“…A work of God, who has ordered all things to perfection.” (Chapter 27: verse 88)

If the creations of the Divine are perfect, who are we to tamper with them?

Information on Bodily Rights

Religious clergy are the last font of sexual knowledge any reasonable individual would go to, for all the reasons stated in this article. Muslim women are not all victims. They have agency. They do not need self-serving men to speak for them. Least of all, to speak on behalf of their bodies, or even be told how to feel.

There is no confusion here. FC or FGM is a harmful traditional practice that has proven to be a violation of women’s and girls’ bodily autonomies. It should be banned. And more attention should be paid to empowering young women with tools and resources that inform them of their bodies. They should be encouraged to talk openly about issues that affect their health and well-being. Sri Lanka’s Family Planning Association and Women & Media Collective are safe spaces that facilitate such conversations among youth and the LGBTIQ community.

If women’s and girls’ full emotional, mental, physical, and spiritual well-being is prioritised by the State, discussing sexual health should not be shameful if it means it will help prevent future trauma. Initiatives like Instagram’s the Vulva Gallery[xv] and TARSHI[xvi], an Indian non-governmental organisation working on sexual and reproductive health and rights, are other channels of accessing diverse information.

The Sri Lankan Ministries of Health and Education should ensure that voices of women are prioritised when raising awareness about women’s and girls’ bodily rights. These voices can be a good mix of the young and old, secular and religious, that represent every ethnic group. A culture of healthy, public debate on sexual and reproductive health and rights to demystify the myths and misconceptions surrounding these, is the way forward.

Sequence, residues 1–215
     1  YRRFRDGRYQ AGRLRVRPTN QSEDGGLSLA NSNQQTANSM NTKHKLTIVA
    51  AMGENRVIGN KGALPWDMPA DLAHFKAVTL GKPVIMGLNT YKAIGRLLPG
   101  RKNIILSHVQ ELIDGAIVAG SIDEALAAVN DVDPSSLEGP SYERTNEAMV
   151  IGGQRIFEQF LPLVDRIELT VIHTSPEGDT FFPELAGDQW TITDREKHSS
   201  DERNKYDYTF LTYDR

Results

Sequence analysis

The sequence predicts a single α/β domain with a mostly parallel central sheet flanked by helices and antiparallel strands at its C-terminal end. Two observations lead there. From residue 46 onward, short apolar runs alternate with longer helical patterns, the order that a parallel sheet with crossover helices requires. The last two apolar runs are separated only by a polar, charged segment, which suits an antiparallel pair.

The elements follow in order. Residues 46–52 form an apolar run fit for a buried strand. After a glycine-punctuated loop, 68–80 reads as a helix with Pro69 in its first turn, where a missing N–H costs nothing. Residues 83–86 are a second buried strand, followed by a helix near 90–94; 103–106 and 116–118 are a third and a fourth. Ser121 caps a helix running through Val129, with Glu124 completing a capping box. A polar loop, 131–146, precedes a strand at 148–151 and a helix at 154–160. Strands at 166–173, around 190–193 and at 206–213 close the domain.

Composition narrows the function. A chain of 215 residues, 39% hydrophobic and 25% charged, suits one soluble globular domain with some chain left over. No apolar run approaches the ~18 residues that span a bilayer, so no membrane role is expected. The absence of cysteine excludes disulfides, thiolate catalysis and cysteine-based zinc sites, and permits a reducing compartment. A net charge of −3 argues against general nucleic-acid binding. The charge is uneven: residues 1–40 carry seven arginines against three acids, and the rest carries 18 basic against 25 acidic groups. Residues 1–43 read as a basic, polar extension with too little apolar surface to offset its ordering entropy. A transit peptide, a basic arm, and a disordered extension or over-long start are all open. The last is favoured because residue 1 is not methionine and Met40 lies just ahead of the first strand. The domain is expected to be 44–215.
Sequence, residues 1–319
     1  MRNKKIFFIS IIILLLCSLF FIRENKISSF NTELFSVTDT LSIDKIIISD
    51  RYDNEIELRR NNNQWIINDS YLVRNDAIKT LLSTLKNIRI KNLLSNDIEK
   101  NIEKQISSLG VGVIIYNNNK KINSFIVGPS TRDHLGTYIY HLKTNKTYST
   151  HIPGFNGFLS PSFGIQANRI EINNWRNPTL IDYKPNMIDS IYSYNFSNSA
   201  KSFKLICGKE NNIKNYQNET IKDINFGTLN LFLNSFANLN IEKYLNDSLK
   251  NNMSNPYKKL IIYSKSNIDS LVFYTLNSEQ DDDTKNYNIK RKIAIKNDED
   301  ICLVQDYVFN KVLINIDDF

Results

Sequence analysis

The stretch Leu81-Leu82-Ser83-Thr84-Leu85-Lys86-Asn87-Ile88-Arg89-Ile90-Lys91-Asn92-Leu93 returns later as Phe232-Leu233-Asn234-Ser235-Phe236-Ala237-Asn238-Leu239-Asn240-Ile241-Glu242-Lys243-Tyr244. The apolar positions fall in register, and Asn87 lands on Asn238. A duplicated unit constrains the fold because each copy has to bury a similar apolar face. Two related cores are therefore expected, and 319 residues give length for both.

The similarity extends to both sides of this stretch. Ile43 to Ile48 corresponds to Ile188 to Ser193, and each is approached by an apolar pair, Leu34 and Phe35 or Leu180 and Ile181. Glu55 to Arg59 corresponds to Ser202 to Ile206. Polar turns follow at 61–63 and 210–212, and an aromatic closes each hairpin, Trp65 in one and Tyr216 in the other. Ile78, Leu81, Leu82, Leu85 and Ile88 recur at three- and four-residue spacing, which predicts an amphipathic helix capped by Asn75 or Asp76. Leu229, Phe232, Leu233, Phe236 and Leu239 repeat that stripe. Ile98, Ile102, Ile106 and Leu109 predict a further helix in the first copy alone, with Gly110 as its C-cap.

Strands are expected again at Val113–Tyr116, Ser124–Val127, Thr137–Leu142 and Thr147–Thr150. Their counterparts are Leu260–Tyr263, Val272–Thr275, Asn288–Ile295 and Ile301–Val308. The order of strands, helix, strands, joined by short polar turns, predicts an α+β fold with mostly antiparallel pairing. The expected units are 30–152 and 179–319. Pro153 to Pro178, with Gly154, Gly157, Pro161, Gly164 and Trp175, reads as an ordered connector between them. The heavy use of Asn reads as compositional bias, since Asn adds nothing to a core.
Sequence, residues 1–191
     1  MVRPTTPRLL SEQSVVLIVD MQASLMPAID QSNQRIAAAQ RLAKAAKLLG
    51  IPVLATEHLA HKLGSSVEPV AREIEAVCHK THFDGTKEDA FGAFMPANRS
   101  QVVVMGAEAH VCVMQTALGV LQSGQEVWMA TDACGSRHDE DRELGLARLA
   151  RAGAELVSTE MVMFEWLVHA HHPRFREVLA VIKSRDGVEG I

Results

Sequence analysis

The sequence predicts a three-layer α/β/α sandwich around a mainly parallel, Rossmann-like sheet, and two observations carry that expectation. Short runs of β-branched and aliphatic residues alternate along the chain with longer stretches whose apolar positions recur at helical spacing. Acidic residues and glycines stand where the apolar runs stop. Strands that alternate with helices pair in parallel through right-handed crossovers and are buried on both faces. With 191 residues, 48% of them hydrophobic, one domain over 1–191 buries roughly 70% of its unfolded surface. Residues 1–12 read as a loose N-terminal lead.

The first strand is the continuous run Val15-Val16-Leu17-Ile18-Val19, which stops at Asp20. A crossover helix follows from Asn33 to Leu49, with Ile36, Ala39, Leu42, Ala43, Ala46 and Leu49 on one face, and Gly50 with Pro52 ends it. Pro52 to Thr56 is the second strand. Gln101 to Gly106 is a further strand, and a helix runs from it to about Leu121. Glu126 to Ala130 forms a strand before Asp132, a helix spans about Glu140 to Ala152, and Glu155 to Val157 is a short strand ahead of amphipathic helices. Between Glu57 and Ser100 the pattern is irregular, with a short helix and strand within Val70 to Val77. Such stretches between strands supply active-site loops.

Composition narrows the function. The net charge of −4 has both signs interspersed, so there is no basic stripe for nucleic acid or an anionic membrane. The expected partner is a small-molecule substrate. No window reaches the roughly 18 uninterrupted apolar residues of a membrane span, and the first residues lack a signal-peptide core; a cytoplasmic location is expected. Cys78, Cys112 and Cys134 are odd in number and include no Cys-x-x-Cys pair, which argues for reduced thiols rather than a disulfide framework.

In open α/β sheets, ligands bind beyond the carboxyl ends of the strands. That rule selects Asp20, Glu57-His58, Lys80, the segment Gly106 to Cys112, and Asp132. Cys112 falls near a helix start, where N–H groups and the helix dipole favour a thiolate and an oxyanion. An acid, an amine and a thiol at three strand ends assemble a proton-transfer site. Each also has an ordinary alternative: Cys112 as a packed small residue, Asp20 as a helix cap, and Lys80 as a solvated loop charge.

The writer, Meghana Bahar is a Sri Lankan gender and media activist, who began her career as a development journalist and documentary film producer at age 19. She has 19 years of experience working as a communications specialist for women’s and human rights transnational movements on access to essential medicines, Muslim family law reform, indigenous resistance, LGBTQIA rights, and digital literacy. She has also briefly been on the editorial board and served as a media advisor for New Ceylon Writing. She is currently an independent consultant for video for change pioneers, WITNESS.

Meghana’s academic journey has been steered towards a focus on women’s bodily integrity and bodily autonomy, including sex, sexualities, sexual and reproductive health and rights, and healing woman-woman relationships, specifically mother-daughter relationships. Her passion lies in ancestral lineage healing.

[i] Translations are from Muhammad Asad (1980): http://www.muhammad-asad.com/Message-of-Quran.pdf .

[ii] See the Musawah Framework for Action: http://www.musawah.org/about-musawah/framework-action .

[iii] See the work of theologian Dr Amina Wadud: https://global.oup.com/academic/product/quran-and-woman-9780195128369?cc....

[iv] Wealth distribution statistics: https://inequality.org/facts/global-inequality/ .

[v] About Sri Lanka’s MMDA: https://mplreforms.com/aboutmmda/ .

[vi] The Salafi movement: https://en.wikipedia.org/wiki/Salafi_movement .

[vii] The hidden truth and untold benefits of female circumcision: https://asiffhussein.com/index.php/2015/04/02/female-circumcision-the-hi... .

[viii] Indonesia under pressure over female genital cutting: http://indonesiaatmelbourne.unimelb.edu.au/indonesia-under-pressure-over...

[ix] FGM in Sri Lanka: https://www.aljazeera.com/indepth/opinion/fgm-sri-lanka-nick-17121812285....

[x] FGM in Indonesia: https://www.scmp.com/news/asia/southeast-asia/article/2082455/indonesia-... .

[xi] FGM in Malaysia: https://www.themalaysianinsight.com/s/36377.

[xii] Health risks of FGM:http://www.who.int/reproductivehealth/topics/fgm/health_consequences_fgm... .

[xiii] About Dar al-Ifta al-Misriyyah: https://en.wikipedia.org/wiki/Dar_al-Ifta_al-Misriyyah .

[xiv] FGM is not Islamic: https://www.egyptindependent.com/female-genital-mutilation-is-not-islami... , and http://www.egypttoday.com/Article/2/51304/Female-Genital-Mutilation-is-d..., also http://www.dar-alifta.org/Foreign/ViewArticle.aspx?ID=1881&CategoryID=1 .

[xv] The Vulva Gallery: https://www.instagram.com/the.vulva.gallery/.

[xvi] TARSHI: http://www.tarshi.net/ , and https://twitter.com/tarshingo .